Hooded Frost-Free Long Jacket, Old Navy, $35.00

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5. Patagonia reversible jacket

This jacket is windproof, waterproof and the built-in hood means one less piece of gear to worry about (or one more layer for your little one's head). It's a best buy if you live with cold winter temperatures for many months of the year and still love to get outside to play. It also stays in great condition for hand-me-downs to your next kid.

Reversible Down Sweater Hoodie, Nordstrom, $119.00

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6. Under Armour Decatur water repellent jacket

Made of waterproof fabric and lined with great insulation, kids will no doubt stay warm—and dry—in this. It features plenty of pockets, too, so mama doesn't always have to hold onto their items. We love that the UGrow system allows sleeves to grow a couple inches.

UA Decatur Water Repellent Jacket, Nordstrom, $155.00

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7. Stonz mittens

Ever tried to keep gloves on a 1-year-old? It's a tough task, but these gloves make it a breeze with a wide opening and two adjustable toggles for a snug fit they can't pull off! Warm and waterproof, and come in sizes from infant to big kids.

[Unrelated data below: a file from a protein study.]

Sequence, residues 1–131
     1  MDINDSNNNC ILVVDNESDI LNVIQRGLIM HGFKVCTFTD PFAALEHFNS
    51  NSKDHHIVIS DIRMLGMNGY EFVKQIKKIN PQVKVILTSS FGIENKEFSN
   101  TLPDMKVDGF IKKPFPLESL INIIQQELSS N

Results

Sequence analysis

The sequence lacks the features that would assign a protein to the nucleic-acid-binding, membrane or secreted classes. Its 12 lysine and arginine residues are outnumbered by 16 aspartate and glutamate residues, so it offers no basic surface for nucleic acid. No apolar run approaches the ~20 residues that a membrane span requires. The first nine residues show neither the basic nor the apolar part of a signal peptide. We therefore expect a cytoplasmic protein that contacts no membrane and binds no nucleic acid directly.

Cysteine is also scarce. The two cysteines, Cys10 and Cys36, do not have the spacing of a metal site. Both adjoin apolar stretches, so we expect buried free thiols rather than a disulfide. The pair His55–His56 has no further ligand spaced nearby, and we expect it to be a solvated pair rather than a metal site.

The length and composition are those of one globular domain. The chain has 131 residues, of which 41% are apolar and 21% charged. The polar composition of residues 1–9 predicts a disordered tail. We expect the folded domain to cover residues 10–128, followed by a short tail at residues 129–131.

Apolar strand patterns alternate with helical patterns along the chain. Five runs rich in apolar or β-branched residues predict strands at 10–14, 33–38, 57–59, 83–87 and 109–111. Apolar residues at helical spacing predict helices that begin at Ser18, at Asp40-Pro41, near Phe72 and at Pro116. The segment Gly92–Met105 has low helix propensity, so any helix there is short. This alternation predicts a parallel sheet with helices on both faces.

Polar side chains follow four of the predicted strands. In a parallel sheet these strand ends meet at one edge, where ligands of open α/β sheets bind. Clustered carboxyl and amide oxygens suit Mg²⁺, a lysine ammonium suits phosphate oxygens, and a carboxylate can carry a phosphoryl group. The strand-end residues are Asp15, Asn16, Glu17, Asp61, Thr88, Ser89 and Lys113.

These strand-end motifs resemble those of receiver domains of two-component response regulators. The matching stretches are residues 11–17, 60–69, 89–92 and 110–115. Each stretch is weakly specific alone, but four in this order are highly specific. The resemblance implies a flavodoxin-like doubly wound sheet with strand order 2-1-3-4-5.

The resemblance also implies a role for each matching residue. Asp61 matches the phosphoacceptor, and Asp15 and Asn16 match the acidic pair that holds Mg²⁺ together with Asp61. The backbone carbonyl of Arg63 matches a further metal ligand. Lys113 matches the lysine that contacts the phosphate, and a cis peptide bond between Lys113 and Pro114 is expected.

Stonz Mittz, Amazon, $39.99

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8. Sorel toot pack boot

Keep their little toes warm with these cozy boots from Sorel. With insulated uppers and waterproof bottoms their feet are sure to stay warm. They're well constructed and hold up over time, making them a great hand-me-down option for your family.

Sorel Kids' Yoot Boot, Amazon, $48.73-$175.63

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9. Stonz baby boots

These Stonz stay-on-baby booties do just as their name says and stay on their feet. No more searching for one boot in the grocery store parking lot!

Stonz Three Season Stay-On Baby Booties, Amazon, $29.99-$50.29

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Motherly is your daily #momlife manual; we are here to help you easily find the best, most beautiful products for your life that actually work. We share what we love—and we may receive a commission if you choose to buy. You've got this.